THEY say that behind every successful man is a woman.
But the females named recently in El Mundo’s top 500 most powerful Spanish women might have a thing or two to say about that.
The Olive Press takes a closer look at the strong Andalucian women who have made it onto the 2016 list, from pilots to politicians and from sport stars to activists.
We also pay tribute to some other women who we think should have made the list but somehow didn’t.
Fatima Banez, minister of employment and social security, Huelva
High-flying Fatima Banez was previously an economist and jurist before turning to politics.The PP politician has been widely credited with having reduced unemployment, from a high of 27.16% in 2013 to 18.9% in 2016.
Carolina Marin, badminton star, Huelva
Ranked number one in the world, badminton players come no better than Marin. The 23-year-old, the youngest on our list, won her first women’s singles gold medal at the 2016 Rio Olympics. She was the first Spaniard to win the BWF World Championships and the Grand Prix Gold title.
Rocío Gonzalez Torres, fighter pilot, Sevilla
One of only four Spanish military pilots and the only one who has flown for over 1,000 hours, Gonzalez has truly reached for the skies. One of her completed solo missions was a dangerous, unarmed flight over Libya during the country’s 2011 civil war.
Susana Diaz, president of Andalucia
She has allegations of corruption hanging over her head. But this was not enough to keep Diaz off this year’s list. The controversial socialist politician is tipped to become the next leader of the PSOE.
Pilar Aranda, president of the University of Granada
Illustrious Aranda is a leading brain in the field of physiology but also has a background in pharmacy and sports science. Through her career, she has worked in universities around Spain and in Colombia, Mexico and Ecuador. One of her latest focuses has been on digestive health and nutrition.
Isabel Ambrosio, mayor of Cordoba
Despite being born in Madrid, PSOE member Ambrosio has dedicated most of her working life to the people of Andalucia. Prior to ascending to mayor, she focused on disability, business, tourism and sport.
Marina del Corral Tellez, government general secretary of immigration and emigration, Velez-Malaga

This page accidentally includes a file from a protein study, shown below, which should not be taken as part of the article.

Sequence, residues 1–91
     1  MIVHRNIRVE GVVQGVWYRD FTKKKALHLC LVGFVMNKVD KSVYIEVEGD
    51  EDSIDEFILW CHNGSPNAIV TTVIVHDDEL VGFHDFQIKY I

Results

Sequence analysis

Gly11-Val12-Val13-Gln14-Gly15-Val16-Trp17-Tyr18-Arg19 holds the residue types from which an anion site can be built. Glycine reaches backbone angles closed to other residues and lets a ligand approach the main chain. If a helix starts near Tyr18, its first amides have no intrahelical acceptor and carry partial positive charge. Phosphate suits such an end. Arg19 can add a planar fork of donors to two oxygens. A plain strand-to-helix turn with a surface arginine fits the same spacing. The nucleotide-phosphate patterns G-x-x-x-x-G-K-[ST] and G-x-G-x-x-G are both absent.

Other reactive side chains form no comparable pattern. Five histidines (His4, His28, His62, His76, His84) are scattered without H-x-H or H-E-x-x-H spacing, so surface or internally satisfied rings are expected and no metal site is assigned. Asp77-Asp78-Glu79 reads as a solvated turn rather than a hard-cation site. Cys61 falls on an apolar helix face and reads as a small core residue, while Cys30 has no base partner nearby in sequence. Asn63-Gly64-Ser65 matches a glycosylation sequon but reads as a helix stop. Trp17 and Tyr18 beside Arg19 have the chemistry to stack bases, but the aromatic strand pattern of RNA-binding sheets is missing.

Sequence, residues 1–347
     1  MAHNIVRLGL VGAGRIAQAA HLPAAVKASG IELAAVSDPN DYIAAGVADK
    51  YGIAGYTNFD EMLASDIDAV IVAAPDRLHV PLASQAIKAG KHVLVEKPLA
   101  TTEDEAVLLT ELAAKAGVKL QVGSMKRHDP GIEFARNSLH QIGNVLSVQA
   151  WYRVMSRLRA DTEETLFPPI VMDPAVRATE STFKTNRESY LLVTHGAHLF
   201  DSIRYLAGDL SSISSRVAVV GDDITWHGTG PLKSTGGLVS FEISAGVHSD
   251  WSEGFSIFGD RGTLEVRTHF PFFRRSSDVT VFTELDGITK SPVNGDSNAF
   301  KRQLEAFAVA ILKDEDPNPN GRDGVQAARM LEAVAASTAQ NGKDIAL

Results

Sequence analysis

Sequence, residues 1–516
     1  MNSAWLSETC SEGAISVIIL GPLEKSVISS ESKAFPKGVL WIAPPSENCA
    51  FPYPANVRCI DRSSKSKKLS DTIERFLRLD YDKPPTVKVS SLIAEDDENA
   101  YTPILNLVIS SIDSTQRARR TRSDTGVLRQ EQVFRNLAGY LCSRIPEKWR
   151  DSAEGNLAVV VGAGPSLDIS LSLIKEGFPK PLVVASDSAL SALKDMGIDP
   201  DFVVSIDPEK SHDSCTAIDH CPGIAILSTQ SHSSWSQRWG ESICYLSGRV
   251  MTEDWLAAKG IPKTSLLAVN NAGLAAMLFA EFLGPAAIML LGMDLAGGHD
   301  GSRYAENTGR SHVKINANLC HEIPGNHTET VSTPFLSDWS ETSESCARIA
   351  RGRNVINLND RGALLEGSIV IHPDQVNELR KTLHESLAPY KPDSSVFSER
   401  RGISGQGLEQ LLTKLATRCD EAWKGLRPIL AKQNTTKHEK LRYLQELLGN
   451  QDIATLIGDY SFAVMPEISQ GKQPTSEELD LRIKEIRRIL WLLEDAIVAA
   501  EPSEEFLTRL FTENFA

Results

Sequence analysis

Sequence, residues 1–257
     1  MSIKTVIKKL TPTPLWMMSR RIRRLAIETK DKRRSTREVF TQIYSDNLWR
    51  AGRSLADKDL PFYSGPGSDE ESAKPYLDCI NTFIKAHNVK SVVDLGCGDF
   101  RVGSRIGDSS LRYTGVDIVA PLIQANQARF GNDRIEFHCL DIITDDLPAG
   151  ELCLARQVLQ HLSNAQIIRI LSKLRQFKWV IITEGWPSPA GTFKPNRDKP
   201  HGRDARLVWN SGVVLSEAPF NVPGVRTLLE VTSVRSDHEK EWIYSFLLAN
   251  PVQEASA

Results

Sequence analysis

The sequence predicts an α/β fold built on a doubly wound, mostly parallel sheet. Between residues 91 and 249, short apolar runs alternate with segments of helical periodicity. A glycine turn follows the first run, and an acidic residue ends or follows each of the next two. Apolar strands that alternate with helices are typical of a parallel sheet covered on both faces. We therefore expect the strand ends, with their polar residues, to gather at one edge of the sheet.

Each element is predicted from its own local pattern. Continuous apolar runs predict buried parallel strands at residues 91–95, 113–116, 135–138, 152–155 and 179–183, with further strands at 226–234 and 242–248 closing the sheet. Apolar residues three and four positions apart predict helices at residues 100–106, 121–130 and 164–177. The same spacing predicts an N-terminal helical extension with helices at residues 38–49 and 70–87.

Corral studied law at the University of Granada before becoming a professional specialising in EU law and rights of societies and markets. She also currently holds the post of vice president of the General Council of Spanish Citizenship Abroad and president of the labour commission. She is involved in the NGO Cipie, which helps Latin Americans living in Spain.
Ana Ferrer Garcia, Supreme Court judge, Linares Jaen
Not long after beginning her career in the court rooms of Linares the fast-climbing Ferrer was called up to preside over courts in Madrid. She made history in 2014 when she became the first woman to be elected to the Criminal Chamber of the Supreme Court.
Carmen Sanchez-Cortes, secretary of state justice, Sevilla
A former law student, Sanchez held dozens of high-ranking government posts before ascending to her current role. She was also the administrative director of the National Institute of Meteorology.
Maria Angeles Carmon, head of anti-gender violence organisation, Sevilla
Carmona has been fighting to stop gender violence in Andalucia since she became a judicial secretary in 1994. She has worked in courts in Sevilla and is a key policy maker regarding school safety.
Cristina de Parias, director of BBVA Spain bank, Sevilla
Despite studying law at the University of Sevilla, Parias found her calling in banking. She was recognised for helping the bank gain a place in the Great Place to Work rankings of 2016.
Elvira Navarro, novelist, Huelva
Philosophy graduate Navarro was named as one to watch early on in her career, following the release of her first novel La ciudad en invierno. Since then, the 37-year-old has published five more novels and contributed to an impressive amount of collective works. Some of her books have been translated into six different languages.
Reyes Hellin, milliner, Sevilla
Spain’s milliner par excellence was born and made in Sevilla. Her landmark shop in the city also stocks brands by some of the most sought-after designers in the world.